• We’re DONE with PR 2.0! Herald the rise of PR 3.0! http://www.prweekus.com/pages/Login.aspx?retUrl=/Industry-enters-a-new-age-PR-30/article/56822/&PageTypeId=2&ArticleId=56822&accessLevel=20 quot;...in 2000, it was already in the midst of a long-running transition from providing focusing on communicating to the media and to the public through the media, to its place in the C-suite where managing corporate reputation, CSR, employee engagement, and boosting sales would be part of the job description. Now public relations is at the beginning of its third age, when it is demonstrating its unique facility for navigating environments where the companies and brands have less and less control. Rather than lamenting the decline of traditional mediaʼs influence, the PR industry is embracing the new platforms and communities that test their creativity and the authenticity of the messages.”
  • “PR Week claims we’re at 3.0... They couldn’t be more wrong” http://www.briansolis.com/2007/04/prweek-claims-industry-enters-age-of-pr.html PRWeek Responds to 3.0 Fallout http://www.webpronews.com/blogtalk/2007/04/26/prweek-responds-to-fallout “ The truth is that many PR people, in fact, most PR people are attacking new media in the same fashion as traditional media – if at all. Remember this is an industry that is guilty of not even reading the publications they pitch, let along blogs, podcasts, etc. “It all started with the technology that enabled the socialization of media, progressed with the people who embraced it to create new content, and it will end when PR can legitimately engage. Then, and only then, will PR 2.0 fold back into PR (without the need for a rev number behind it.) We have a tough road ahead of us, as Iʼve said before, and as many have already written, PR isnʼt invited to the table here. The masses think we donʼt get it, so we have a lot of PR for the PR to undertake.” ... For now, it is the difference between spin and evangelism. ... Itʼs also the difference between storytelling and influence. ... This is an incredible opportunity for the PR industry to escalate its perception by integrating value, direct engagement, and an entirely new set of metrics that prove ROI. Itʼs up to us to put the “pro” back in the PR Professional title. PR 3.0 is only confusing the market more.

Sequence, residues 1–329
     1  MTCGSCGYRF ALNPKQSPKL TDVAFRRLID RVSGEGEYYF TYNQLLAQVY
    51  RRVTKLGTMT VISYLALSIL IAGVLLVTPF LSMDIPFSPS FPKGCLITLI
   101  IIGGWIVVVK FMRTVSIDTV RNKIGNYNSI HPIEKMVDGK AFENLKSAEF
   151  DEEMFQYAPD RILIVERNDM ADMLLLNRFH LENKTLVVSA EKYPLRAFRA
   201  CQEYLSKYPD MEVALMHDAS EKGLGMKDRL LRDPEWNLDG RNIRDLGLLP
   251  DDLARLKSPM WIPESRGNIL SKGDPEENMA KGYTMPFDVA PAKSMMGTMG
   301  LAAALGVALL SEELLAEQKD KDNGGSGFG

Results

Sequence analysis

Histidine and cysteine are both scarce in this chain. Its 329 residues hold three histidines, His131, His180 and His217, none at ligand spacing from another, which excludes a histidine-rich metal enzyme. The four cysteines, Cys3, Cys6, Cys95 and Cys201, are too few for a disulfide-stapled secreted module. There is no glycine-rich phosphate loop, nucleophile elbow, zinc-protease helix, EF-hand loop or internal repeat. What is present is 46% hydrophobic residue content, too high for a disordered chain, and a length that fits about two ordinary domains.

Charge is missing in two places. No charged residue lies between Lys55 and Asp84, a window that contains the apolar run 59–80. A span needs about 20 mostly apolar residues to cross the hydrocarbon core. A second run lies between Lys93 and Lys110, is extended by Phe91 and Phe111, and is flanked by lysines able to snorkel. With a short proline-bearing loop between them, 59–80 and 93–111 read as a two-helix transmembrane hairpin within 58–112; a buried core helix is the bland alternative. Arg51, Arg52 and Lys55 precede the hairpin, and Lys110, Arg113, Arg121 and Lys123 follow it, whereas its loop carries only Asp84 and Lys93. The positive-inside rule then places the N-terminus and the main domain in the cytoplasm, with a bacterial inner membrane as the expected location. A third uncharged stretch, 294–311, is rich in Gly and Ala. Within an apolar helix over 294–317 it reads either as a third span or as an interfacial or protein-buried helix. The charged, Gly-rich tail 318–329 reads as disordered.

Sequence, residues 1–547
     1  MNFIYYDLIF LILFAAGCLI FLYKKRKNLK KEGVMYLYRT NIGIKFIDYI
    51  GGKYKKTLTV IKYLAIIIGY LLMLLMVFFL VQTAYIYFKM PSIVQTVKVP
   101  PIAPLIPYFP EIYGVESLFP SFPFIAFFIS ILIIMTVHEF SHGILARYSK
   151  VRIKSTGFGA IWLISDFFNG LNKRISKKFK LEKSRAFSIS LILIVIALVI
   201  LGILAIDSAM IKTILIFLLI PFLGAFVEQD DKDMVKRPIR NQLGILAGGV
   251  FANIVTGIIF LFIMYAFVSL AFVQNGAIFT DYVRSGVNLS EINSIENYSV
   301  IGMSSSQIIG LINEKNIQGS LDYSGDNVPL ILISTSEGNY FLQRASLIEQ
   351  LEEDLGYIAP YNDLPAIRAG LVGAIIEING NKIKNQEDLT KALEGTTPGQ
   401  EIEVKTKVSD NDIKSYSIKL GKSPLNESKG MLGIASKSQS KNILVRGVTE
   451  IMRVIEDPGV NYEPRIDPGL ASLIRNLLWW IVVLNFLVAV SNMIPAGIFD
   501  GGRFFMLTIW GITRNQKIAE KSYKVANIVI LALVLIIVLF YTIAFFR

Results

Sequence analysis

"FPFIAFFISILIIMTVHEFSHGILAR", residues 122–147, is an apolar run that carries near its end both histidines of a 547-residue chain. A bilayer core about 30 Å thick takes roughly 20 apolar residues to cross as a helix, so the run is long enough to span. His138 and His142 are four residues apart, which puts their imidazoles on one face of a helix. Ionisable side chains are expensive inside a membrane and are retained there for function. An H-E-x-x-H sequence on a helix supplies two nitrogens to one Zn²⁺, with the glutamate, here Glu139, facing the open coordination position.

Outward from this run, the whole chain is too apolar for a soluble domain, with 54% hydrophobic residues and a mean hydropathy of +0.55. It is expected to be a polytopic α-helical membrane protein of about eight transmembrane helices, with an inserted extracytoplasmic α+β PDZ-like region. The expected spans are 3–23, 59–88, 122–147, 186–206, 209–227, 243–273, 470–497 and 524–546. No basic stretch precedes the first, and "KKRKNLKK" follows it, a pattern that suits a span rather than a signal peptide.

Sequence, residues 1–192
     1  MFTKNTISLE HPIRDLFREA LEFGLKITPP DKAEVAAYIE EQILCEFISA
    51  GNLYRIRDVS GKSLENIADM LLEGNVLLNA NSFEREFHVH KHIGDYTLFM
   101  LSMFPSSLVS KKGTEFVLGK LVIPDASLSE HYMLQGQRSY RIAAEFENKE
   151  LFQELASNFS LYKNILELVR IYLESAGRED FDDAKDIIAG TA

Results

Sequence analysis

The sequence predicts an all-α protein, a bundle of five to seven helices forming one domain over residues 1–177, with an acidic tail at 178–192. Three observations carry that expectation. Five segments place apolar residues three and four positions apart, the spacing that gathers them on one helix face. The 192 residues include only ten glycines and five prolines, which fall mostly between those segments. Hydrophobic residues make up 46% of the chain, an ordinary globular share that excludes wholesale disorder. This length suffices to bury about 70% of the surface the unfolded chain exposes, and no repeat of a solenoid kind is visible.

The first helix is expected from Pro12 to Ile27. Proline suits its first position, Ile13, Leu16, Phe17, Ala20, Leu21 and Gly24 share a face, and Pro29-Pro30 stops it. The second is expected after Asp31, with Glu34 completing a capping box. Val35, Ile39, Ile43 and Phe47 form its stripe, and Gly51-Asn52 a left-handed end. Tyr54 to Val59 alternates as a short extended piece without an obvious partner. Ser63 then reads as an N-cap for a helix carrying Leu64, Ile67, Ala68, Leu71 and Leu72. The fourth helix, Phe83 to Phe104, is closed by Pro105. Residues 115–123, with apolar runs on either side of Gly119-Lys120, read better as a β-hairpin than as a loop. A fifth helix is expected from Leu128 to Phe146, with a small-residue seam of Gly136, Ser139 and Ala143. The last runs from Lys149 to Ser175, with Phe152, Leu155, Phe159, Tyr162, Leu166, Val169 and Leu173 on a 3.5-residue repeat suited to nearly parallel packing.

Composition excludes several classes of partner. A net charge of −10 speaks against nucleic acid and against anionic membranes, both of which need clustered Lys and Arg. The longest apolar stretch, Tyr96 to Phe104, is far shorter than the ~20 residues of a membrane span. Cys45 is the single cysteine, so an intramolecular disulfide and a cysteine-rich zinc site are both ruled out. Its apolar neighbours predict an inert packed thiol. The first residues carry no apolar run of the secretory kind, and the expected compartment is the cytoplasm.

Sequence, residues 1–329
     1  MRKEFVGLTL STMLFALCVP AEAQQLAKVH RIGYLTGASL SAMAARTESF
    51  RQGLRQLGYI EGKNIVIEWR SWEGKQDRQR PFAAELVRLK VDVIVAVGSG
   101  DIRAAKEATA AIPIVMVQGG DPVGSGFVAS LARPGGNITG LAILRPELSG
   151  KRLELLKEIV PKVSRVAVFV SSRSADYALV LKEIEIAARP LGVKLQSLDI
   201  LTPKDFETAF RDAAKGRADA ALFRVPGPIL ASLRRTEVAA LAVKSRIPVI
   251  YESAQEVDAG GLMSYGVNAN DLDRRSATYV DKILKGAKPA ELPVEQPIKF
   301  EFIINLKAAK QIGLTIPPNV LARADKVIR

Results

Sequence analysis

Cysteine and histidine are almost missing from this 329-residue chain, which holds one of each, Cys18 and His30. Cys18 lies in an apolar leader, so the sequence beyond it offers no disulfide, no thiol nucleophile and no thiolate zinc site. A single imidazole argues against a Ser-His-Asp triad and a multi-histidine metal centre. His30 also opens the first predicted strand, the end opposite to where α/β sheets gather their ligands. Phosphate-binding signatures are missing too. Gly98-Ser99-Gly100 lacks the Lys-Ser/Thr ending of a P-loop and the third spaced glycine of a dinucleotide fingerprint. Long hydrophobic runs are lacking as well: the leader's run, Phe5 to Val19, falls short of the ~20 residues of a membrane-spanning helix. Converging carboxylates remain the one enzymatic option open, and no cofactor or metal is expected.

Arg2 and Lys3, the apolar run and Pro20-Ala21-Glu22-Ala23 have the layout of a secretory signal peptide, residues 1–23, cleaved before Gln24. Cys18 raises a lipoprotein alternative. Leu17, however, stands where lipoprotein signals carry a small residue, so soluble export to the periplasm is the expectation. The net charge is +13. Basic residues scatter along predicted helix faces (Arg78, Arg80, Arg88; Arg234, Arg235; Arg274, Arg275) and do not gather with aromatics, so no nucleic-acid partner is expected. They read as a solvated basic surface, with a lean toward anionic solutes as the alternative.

• And some people are just plain pissed off! From the editor of Wired magazine.com: Sorry PR People, Youʼre BLOCKED. I've had it. I get more than 300 emails a day and my problem isn't spam (Cloudmark Desktop solves that nicely), it's PR people. Lazy flacks send press releases to the Editor in Chief of Wired because they can't be bothered to find out who on my staff, if anyone, might actually be interested in what they're pitching. Fact: I am an actual person, not a team assigned to read press releases and distribute them to the right editors and writers (that's editor@wired.com). So fair warning: I only want two kinds of email: those from people I know, and those from people who have taken the time to find out what I'm interested in and composed a note meant to appeal to that (I love those emails; indeed, that's why my email address is public). Everything else gets banned on first abuse. The following is just the last month's list of people and companies who have been added to my Outlook blocked list. All of them have sent me something inappropriate at some point in the past 30 days. Many of them sent press releases; others just added me to a distribution list without asking. If their address gets harvested by spammers by being published here, so be it--turnabout is fair play. There is no getting off this list. If you're on it and have something appropriate to say to me, use a different email address. http://www.longtail.com/the_long_tail/2007/10/sorry-pr-people.html BRIDGE: Where does that leave us?